New addition to the Electron Microscopy Center

Observing chemical reactions in real time

Mar 30, 2017 | RAMONA RONNER
At Empa's Electron Microscopy Center, a new transmission electron microscope has recently been used that offers completely new opportunities for the physical and chemical analysis of very small samples. It can be used, for example, to observe the growth of nanocrystals in real time – and to record it on video.

Rolf Erni is enthusiastic about the latest instrument, which has been in operation at Empa's laboratory facilities since the start of the year. The new transmission electron microscope (TEM), including all its the associated equipment, fills a whole room. Thanks to its higher resolution, the new TEM allows atomic-resolution chemical analysis and in-situ measurements, i.e. the real-time observation of processes such as chemical reactions. "That is what makes videos so valuable, because they show the precise progress of the reaction and not just a snapshot," says Erni.

Erni and his team have already carried out several in-situ experiments with the new TEM. The main aim of these was to observe the growth of nanoparticles in liquids. "We have already grown gold and silver particles in liquids and observed them in real time." Such investigations still represent relatively basic research, meaning that they are not very application-oriented. "However, they may become very interesting in future," says Erni, "for example, for looking at new battery materials in situ and then observing or controlling the electrochemical reactions." Ultimately, you have to start somewhere, yet it also paves the way for the future.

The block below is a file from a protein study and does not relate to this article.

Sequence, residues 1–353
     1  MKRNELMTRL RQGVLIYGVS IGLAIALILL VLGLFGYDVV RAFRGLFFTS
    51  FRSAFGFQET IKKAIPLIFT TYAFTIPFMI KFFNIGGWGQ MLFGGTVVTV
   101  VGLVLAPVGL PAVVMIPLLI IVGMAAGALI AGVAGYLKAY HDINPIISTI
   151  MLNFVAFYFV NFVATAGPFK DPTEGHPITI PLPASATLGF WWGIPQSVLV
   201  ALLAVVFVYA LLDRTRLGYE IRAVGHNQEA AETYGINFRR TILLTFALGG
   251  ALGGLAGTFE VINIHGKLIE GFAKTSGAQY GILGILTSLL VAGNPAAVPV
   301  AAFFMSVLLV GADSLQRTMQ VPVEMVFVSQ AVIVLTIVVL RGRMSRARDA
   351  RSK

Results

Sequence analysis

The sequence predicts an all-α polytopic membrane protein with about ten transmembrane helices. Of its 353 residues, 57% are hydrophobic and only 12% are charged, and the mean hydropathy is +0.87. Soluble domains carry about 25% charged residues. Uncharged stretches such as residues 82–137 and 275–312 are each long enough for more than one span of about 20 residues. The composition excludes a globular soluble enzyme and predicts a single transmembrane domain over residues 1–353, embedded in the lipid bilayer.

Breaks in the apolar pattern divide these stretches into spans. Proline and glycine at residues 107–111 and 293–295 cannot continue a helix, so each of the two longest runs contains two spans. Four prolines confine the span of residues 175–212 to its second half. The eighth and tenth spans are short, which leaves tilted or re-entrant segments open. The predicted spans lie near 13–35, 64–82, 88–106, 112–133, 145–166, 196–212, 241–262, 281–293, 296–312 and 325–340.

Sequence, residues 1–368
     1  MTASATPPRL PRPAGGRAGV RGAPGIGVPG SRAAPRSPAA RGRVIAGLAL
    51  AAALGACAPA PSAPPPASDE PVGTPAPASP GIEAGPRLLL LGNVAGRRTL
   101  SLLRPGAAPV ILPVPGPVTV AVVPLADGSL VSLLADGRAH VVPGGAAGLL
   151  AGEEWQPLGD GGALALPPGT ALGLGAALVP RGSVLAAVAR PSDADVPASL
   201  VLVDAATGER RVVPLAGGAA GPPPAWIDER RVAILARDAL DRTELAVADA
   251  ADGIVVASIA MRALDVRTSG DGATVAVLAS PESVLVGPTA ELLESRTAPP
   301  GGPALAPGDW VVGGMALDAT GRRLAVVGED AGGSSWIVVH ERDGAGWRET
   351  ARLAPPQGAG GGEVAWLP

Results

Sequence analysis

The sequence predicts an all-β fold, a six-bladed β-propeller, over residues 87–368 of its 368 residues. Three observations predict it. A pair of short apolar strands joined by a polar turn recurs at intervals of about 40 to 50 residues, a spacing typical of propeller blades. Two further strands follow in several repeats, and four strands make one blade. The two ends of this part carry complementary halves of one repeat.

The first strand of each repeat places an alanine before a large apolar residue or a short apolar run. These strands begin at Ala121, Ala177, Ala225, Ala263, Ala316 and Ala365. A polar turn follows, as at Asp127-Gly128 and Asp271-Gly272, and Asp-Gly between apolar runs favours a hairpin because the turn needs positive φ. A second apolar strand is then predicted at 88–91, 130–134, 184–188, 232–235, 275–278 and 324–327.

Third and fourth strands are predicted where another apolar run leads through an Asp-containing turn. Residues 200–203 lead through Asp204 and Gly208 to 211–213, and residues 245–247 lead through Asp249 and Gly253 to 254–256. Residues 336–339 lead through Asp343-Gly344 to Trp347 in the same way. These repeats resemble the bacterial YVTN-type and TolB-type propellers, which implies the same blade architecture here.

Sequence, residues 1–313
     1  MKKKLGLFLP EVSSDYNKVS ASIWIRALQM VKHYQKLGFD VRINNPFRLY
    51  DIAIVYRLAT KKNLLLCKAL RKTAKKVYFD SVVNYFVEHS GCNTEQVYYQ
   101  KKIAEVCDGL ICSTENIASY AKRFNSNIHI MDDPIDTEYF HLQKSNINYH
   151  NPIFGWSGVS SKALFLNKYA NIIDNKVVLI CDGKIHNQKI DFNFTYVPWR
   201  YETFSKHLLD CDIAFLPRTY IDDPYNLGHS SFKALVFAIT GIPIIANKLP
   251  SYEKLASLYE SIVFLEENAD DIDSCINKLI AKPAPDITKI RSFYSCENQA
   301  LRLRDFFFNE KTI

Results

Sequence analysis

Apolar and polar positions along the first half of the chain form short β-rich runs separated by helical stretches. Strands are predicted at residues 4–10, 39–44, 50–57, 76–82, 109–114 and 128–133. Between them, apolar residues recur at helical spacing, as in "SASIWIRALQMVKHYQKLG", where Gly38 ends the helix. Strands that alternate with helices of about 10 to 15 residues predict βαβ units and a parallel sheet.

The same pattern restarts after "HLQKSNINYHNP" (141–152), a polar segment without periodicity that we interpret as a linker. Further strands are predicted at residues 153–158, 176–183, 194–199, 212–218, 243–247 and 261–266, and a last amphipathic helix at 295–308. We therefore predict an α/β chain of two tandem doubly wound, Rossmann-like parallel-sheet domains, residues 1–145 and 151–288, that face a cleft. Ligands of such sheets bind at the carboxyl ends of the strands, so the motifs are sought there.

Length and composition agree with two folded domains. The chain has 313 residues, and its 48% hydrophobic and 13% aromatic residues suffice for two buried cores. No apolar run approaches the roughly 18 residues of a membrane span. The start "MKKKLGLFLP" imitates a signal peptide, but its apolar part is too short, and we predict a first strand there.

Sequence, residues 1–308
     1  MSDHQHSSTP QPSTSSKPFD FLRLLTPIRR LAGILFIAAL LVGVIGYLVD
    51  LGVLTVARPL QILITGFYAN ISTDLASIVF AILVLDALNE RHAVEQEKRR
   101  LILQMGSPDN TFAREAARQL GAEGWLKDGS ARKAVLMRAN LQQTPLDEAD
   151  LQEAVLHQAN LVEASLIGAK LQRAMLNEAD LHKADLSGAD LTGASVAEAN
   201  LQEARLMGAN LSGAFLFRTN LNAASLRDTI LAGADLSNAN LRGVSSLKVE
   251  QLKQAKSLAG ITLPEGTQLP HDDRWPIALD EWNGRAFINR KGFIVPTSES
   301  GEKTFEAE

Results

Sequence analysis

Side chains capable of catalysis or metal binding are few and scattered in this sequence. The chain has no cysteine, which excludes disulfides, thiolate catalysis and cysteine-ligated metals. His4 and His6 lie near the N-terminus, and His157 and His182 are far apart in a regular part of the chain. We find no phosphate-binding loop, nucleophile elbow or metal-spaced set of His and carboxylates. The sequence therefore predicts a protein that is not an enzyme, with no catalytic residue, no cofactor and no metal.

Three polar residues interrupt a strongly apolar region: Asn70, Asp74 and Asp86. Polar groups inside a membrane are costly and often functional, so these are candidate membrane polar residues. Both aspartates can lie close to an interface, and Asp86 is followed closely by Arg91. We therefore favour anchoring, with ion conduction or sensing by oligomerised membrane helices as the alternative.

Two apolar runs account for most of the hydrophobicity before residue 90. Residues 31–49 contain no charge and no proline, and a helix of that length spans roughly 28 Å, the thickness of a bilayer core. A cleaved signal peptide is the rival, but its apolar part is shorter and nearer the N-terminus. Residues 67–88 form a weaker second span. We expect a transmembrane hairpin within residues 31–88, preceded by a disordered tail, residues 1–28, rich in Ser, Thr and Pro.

However, the new analytical capabilities of the TEM can also be used for electron holography, a method by which electrical and magnetic domains can be imaged with nanometer resolution. This not only allows samples to be examined better structurally and chemically, but also physically. The TEM is therefore particularly suitable for carrying out in-situ measurements on very small samples. "In the case of larger samples, a transmission electron microscope is not the right instrument. There are other methods that provide more statistically relevant results, such as chemical analysis methods," explains Erni.


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